Changing laws on trafficking

September 2, 2011

The faces in the photographs on the front page of the newspaper startled me. They were laid out in rows. The first photo in the series was invariably of a young girl, maybe with a mischievous smile or a rebellious glare, but with a decided look of innocence. By the end of the series, that same face was battered, bloated and bruised. The women looked into the camera with haunting emptiness.

The photographs were collected by a detective in the vice squad unit of the Denver Police Department in a volume he called "The Book," a simple black binder he kept on his desk to combat the idea that prostitution is a victimless crime. He carefully assembled photographs of women from the time of their first arrest to the time of their most recent arrest, usually a span of several years. The photos, some of which were published several years ago in The Denver Post, document the ravages, the victimization of a life on the street written on the faces of women repeatedly arrested for prostitution.

As a crime, prostitution necessitates a more complex understanding of the relationship between victim and perpetrator than our current criminal justice system allows. Women involved in prostitution are frequently punished as criminals, but they are also victims of extortion, assault, sexual abuse and violence. Now, a few states are moving forward with new laws--not to de-criminalize prostitution, but to reinterpret it.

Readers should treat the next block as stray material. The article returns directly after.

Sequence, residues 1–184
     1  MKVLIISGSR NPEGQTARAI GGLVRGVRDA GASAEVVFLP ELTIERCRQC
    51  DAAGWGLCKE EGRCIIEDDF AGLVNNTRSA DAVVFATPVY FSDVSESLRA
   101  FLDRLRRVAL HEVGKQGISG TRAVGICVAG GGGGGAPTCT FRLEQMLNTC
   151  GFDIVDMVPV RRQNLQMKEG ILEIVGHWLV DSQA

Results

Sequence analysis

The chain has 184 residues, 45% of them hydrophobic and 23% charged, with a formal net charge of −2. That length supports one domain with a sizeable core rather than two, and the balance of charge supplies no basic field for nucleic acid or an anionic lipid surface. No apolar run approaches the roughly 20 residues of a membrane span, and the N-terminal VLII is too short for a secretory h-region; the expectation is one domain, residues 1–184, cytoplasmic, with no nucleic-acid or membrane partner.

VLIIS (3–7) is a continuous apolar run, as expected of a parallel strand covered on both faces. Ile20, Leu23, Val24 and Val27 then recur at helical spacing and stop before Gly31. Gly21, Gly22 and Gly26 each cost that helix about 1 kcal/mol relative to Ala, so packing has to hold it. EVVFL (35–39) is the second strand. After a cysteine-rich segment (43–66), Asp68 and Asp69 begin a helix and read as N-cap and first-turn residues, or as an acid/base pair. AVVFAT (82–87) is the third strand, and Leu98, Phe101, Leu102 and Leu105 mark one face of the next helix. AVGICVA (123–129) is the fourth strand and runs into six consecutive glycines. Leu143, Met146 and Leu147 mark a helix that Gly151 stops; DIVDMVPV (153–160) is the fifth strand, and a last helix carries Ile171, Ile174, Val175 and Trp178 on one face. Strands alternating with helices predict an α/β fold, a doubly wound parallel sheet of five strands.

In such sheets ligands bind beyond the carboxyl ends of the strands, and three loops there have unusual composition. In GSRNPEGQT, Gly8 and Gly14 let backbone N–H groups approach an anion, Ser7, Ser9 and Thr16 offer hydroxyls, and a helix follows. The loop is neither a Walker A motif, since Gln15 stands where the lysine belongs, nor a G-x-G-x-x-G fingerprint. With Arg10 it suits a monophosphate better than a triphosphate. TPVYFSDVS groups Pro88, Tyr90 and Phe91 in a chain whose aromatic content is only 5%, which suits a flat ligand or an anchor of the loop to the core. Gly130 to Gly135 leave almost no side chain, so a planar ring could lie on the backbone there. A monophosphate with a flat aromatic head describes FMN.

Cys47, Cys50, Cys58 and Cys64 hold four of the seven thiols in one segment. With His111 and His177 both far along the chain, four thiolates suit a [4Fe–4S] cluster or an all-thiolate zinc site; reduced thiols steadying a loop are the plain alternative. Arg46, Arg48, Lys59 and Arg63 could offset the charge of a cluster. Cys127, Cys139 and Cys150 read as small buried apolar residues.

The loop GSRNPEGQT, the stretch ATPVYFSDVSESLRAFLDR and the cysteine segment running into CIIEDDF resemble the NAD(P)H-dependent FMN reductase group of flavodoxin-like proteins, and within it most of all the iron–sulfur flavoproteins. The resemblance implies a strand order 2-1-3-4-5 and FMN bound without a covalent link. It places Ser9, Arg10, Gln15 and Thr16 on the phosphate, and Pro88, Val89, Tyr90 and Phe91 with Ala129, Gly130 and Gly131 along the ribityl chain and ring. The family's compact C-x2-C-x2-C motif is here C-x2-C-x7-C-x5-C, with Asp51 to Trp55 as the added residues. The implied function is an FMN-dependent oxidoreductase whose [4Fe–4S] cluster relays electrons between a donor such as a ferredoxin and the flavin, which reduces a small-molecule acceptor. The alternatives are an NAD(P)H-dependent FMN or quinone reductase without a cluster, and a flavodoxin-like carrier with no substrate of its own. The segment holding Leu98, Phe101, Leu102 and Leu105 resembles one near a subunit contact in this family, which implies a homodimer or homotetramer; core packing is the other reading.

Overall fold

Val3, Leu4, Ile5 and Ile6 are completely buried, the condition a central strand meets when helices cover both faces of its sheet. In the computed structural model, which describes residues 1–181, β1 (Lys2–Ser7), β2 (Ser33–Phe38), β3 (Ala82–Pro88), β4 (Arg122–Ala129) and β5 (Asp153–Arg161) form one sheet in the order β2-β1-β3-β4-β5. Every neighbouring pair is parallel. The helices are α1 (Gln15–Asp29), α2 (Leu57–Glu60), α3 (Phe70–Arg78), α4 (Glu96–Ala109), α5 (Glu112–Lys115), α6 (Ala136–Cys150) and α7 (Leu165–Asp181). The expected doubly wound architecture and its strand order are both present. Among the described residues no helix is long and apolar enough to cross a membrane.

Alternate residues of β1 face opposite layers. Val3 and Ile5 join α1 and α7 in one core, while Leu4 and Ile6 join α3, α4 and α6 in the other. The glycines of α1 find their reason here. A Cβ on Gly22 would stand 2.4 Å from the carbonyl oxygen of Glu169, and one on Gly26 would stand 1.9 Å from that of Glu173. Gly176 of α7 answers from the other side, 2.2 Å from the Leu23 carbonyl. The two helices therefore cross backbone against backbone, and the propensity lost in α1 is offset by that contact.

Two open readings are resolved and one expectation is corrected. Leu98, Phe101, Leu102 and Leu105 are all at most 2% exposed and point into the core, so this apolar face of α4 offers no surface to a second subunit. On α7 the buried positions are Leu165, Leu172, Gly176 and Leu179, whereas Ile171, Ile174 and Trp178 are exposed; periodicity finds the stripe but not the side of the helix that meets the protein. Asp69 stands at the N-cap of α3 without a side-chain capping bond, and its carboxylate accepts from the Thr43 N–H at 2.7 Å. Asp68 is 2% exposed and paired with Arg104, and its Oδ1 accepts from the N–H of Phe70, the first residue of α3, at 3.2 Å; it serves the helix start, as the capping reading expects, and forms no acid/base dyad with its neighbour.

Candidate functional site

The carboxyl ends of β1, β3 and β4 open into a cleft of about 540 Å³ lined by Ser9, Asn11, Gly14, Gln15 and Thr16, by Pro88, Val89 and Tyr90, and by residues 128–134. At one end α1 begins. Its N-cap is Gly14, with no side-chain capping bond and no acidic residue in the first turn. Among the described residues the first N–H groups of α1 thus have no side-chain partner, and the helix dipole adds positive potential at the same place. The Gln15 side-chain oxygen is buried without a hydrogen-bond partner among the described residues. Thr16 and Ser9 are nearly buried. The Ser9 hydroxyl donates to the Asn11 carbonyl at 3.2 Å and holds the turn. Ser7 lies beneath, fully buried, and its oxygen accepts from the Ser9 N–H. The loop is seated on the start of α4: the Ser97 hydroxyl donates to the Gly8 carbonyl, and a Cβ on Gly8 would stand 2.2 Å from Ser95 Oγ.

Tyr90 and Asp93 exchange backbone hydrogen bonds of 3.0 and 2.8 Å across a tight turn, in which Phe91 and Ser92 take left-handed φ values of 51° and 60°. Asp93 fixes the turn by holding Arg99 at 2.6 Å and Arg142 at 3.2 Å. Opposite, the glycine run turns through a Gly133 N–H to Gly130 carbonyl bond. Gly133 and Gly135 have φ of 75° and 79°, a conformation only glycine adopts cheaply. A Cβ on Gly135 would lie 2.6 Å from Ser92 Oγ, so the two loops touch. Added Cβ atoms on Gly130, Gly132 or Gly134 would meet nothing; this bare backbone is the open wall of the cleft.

Illinois is on the front line of these states. This month, Governor Pat Quinn signed the Justice for Victims of Sex Trafficking Crimes Act, a legislative move in the right direction.

The very name of this act signifies an important shift in understanding. Instead of designating an act--prostitution--the law points to a more complicated set of transactions: trafficking. In trafficking, we can see a little more clearly the dynamics that create the current explosion of prostitution.

The point is not to suggest that prostitutes are always powerless innocents, but instead to turn our attention to the economies that lead women and men--typically at a very young age--into lives of drugs and crimes over which they exert little control. Other states are also beginning to target sex-crime rings rather than individual women.

We have a long way to go in understanding, in legal terms, what the detective's collection of photographs makes so vividly obvious. But these new laws can make a significant difference.